DermNet provides Google Translate, a free machine translation service. Note that this may not provide an exact translation in all languages
Authors: Dr Jenna E. Rayner, Dermatology Registrar; Dr David L. Duffy, Statistical Geneticist; Dr Richard A. Sturm, Principal Research Fellow, Dermatology Research Centre, University of Queensland Diamantina Institute, University of Queensland, Brisbane, Queensland, Australia. DermNet NZ Editor in Chief: Adjunct A/Prof Amanda Oakley, Dermatologist, Hamilton, New Zealand. Copy edited by Gus Mitchell. January 2020.
Sun exposure stimulates tanning, where melanocytes produce the biopolymer melanin and transfer it to keratinocytes.
The interferon regulatory factor 4 (IRF4) gene belongs to a family of DNA-binding proteins that play an important role in immune system development and function .
IRF4 polymorphisms have been independently associated with pigmentation and age-specific effects on melanocytic naevus count in European-derived populations [2,3].
A single nucleotide polymorphism (SNP) within intron 4 of IRF4, rs12203592*C/T, plays a major role in pigmentation.
IRF4 is one of only 2 genes, along with tyrosinase (TYR), known to affect the skin, eye, hair, and together with the melanocortin 1 receptor (MC1R), freckling. IRF4 independently affects total body naevus counts .
IRF4 is predominantly expressed in blood cells with key roles in lymphoid, myeloid and dendritic cell lineages and adipocytes. IRF4 is also expressed in melanocytes in naevi and primary melanomas [5,6].
Asian and African populations are fixed for the ancestral rs12203592*C allele, being monomorphic. In European populations, the rs12203592*T allele is found at around 17% allele frequency. This allele frequency is 40% in Ireland.
The rs12203592*T allele was statistically and significantly associated with dark hair colour, light eye colour, and decreased ability to tan [2,3,7]. Figure 1 shows the frequency of this phenotype by rs12203592 genotype in 1200 individuals from South-east Queensland. Figure 2, 3 and 4 demonstrate the blue eye and freckling phenotype of IRF4 rs12203592*T/T patients. IRF4 has also been one of the few genes linked to hair greying .
Phenotype of individuals
A strong genotype-by-age interaction for total body naevus count has also been reported for this SNP, which is also a predictor of melanoma risk (Table 1). Compared to rs12203592*C/C or C/T carriers, homozygous T/T individuals have higher naevus counts as adolescents, which reverses with age so that adults have lower naevus counts. The rs12203592*T allele was also associated with decreased counts of raised (papular and dermal) melanocytic naevi and increased counts of flat (compound and junctional) naevi .
The Study of Nevi in Children (SONIC) identified five significant associations (p < 0.005) between IRF4 rs12203592 variants and the clinical appearance of naevi. SNPs in IRF4 showed significant associations with globular patterns . The IRF4 rs12203952 polymorphism was very strongly associated with naevus counts (p < 0.0001). T alleles, compared with C, are linked to increased naevus counts at any level of sun exposure.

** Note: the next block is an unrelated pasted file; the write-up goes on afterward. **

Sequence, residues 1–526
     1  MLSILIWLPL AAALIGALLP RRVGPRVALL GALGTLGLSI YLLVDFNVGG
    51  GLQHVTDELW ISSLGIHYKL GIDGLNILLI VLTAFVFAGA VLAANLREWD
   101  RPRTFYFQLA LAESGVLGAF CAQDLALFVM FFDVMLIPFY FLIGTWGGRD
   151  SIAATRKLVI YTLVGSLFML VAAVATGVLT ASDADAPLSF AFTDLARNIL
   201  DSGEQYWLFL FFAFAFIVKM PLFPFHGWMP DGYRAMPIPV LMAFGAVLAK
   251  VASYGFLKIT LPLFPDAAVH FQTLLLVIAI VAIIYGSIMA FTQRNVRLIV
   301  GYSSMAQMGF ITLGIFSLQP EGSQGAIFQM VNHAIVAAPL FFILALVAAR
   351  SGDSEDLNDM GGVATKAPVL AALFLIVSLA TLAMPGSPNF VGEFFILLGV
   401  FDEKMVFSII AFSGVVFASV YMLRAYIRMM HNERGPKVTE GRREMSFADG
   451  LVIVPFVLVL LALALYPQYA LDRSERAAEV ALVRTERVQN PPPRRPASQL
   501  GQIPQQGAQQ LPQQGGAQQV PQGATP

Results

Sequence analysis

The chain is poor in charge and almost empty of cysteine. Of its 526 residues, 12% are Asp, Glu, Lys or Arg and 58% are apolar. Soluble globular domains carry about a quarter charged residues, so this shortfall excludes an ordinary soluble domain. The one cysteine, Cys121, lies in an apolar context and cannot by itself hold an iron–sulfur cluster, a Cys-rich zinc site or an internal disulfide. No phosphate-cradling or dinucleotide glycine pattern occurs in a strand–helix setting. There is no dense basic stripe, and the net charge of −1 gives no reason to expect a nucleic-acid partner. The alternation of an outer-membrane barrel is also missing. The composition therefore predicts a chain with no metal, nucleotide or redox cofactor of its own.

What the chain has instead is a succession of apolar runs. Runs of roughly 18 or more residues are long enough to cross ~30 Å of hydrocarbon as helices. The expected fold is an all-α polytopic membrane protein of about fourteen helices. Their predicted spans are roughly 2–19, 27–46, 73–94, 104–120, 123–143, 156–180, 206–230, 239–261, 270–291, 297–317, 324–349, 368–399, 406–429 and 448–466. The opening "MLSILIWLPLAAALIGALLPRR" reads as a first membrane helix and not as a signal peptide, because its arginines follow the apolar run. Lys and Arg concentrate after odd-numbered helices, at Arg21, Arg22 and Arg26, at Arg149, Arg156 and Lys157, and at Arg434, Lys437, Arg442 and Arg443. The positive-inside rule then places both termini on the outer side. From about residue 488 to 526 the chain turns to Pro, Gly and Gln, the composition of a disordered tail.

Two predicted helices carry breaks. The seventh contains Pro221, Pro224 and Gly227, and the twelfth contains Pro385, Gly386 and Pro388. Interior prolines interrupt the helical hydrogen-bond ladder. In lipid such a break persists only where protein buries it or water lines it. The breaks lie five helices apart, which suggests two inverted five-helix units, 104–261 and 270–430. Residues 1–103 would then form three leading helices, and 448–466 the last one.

|IRF4 rs12203592*C= 83%||IRF4 rs12203592*T =17%|
|Low adolescent naevus count a, e, f||High adolescent naevus count a, e, f|
|High adult naevus count a, e, f||Low adult naevus count a, e, f|
|Darker skin colour b||Lighter skin colour b|
|Brown/dark eye colour b||Blue/light eye colour b, g|
|Better tanning b||Reduced tanning b|
|Melanoma naevus remnant b||Melanoma solar elastosis b|
|Melanoma with lower Breslow thickness c||Melanoma with greater Breslow thickness c|
|Increased survival in melanoma d||Reduced survival in melanoma d|
|Lower incidence of nodular melanoma h||Higher incidence of nodular melanoma h|
Table 1: rs12203592*T carriers have a reduced number of naevi with age, a fairer phenotype and an increased melanoma Breslow thickness with localised chronic UV solar damage.
a (Duffy et al. 2010) , b (Gibbs et al. 2016) , c (Gibbs et al. 2017) , d (Potrony et al. 2017) , e (Kvaskoff et al. 2011) , f (Orlow et al. 2015) , g (Pena-Chilet et al. 2013) , h (Rayer et al. 2019) 
Genetic testing for IRF4 variants is most often undertaken for research purposes and forensic analysis of DNA samples . As of 2019, the entire coding region is assessed on an Illumina Infinium HumanCoreExome-24 Microarray or through a bi-directional Sanger sequence analysis of intron 4.
People likely to carry IRF4 rs12203592*T variants have a phenotype which demonstrates high adolescent naevus count, lighter skin and eye colour, and a reduced ability to tan. These patients’ melanomas are frequently associated with solar elastosis, increased Breslow thickness (Figure 3), and reduced survival in melanoma.
People carrying the IRF4 variant gene should be advised to arrange skin checks by a trained health professional. Self skin examination education should emphasise lesions that are enlarging or changing in colour, shape and structure. Awareness of the ABCDE features of melanoma can be useful; these features are:
The proposed addition of “EFG” (Elevated, Firm and Growing for more than a month) to the ABCD acronym aids clinical assessment of lesions. This may be particularly relevant for patients with an IRF4 rs12203592*T/T genotype, whose melanomas are associated with an increased Breslow thickness .
© 2021 DermNet New Zealand Trust.
DermNet NZ does not provide an online consultation service. If you have any concerns with your skin or its treatment, see a dermatologist for advice.